There is a strong resemblance between the increase in physical community space needed for the organization Latinos en Spokane and the anticipated rise in the Latino population in Spokane and Spokane County in the coming years.
Just a year after occupying 1,300-square feet of multi-use space at 1502 N. Monroe north of downtown Spokane, the organization has now assumed the lease on an additional 1,300-square feet of space at a next-door location.
Though the multi-use space houses the organization’s administrative office, the location serves as far more than just an office. It is a gathering place that hosts cultural events and educational workshops ranging from health care to rental assistance while offering free access to wireless internet.
Organizers and supporters of Latinos en Spokane hosted a ribbon-cutting ceremony on May 31 to mark the expansion. Jennyfer Mesa, founder and director of Latinos en Spokane, thanked Innovia Foundation for its financial support as the foundation helped the organization provide many different resources to the Latin community through COVID-19.
Last year, Innovia Foundation presented a $20,000 grant from the COVID-19 Response & Recovery Fund to support Latinos en Spokane’s El Mercadito program, which served more than 200 Latino and immigrant families per month. The El Mercadito Market, which served as a cultural placemaking strategy for cultural activities at A.M. Cannon Park, also provided COVID-19 testing, vaccines and health checks in partnership with Range Clinic and Northwest Prevention.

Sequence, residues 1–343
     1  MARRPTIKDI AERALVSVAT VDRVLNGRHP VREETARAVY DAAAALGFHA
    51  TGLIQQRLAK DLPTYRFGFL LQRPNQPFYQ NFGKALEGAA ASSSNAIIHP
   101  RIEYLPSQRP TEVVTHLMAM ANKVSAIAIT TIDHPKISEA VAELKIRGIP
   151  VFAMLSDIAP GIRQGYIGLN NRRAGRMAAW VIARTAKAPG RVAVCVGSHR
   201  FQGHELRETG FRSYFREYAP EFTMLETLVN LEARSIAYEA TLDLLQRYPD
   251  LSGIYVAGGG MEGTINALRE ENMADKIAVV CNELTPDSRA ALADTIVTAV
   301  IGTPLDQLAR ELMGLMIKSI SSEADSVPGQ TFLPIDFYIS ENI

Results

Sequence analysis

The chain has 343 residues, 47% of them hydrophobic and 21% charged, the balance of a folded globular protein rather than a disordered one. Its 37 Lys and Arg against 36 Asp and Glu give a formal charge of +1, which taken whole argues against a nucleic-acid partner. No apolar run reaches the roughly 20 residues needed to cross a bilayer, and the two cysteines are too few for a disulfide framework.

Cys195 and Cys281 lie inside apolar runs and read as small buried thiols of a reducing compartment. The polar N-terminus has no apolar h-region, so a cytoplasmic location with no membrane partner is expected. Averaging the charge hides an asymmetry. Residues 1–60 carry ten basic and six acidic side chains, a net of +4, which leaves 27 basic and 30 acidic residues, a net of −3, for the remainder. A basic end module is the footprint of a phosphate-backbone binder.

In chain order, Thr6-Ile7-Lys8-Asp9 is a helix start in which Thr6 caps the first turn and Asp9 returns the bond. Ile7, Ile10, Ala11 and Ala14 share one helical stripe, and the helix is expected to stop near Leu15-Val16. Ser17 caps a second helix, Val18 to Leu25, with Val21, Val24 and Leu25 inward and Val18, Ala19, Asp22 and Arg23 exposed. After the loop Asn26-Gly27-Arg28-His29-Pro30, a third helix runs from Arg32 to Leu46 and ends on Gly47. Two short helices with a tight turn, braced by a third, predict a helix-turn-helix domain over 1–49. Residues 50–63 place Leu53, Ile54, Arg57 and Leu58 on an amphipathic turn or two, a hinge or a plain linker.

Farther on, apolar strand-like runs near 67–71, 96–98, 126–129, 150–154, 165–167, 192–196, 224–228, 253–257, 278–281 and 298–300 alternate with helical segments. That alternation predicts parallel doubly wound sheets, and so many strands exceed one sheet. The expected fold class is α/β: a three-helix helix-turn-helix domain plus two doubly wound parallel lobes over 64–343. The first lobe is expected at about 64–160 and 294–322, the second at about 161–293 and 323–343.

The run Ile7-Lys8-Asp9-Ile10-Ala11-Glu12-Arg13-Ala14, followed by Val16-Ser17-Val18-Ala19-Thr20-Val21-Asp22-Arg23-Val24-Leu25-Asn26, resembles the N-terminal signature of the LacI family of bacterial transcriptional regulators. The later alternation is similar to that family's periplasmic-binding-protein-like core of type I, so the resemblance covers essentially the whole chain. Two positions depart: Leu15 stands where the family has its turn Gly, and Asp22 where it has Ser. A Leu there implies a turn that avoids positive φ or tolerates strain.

Jennyfer says Latinos en Spokane views Innovia Foundation as a strong partner and is eager to continue its relationship with the foundation in the future. Based on current population trends in Hispanic and Latino communities, Latinos en Spokane will seek to strengthen existing connections and build new ones.
Current census figures estimate the region’s population to be 7% Latino which marks a 12% increase in the last 20 years.
“We’re out there; we’re just not organized,” Jennyfer said to a group of roughly 40 people who attended Tuesday’s ceremony.
During the event, Mayra Velazquez, an undergraduate student at Eastern Washington University majoring in urban and regional planning, gave a presentation outlining current and future demographics among Latinos in the city and county. Current census bureau projections estimate 25% of Spokane County residents will be of Hispanic and Latino descent by 2050.
Mayra, originally from Compton, California, says she knows firsthand what communities look like when large swaths of people are underserved, and their daily needs are not met. Sadly, there is a high propensity for violence to increase as socioeconomics descend.
That reality is one of the main reasons that played into Jennyfer’s decision to establish Latinos en Spokane in 2017. Organizers currently are working on initiatives to bridge the “digital gap” that exists between Latinos and the greater population, as well as the development of small businesses among Latinos.
Despite the excitement of the evening’s event, Jennifyer says another longer-term goal is for an even larger Latino center to be built on acquired land, which could also offer affordable multi-use housing.
“We want to be able to help strengthen our families locally,” Jennyfer says.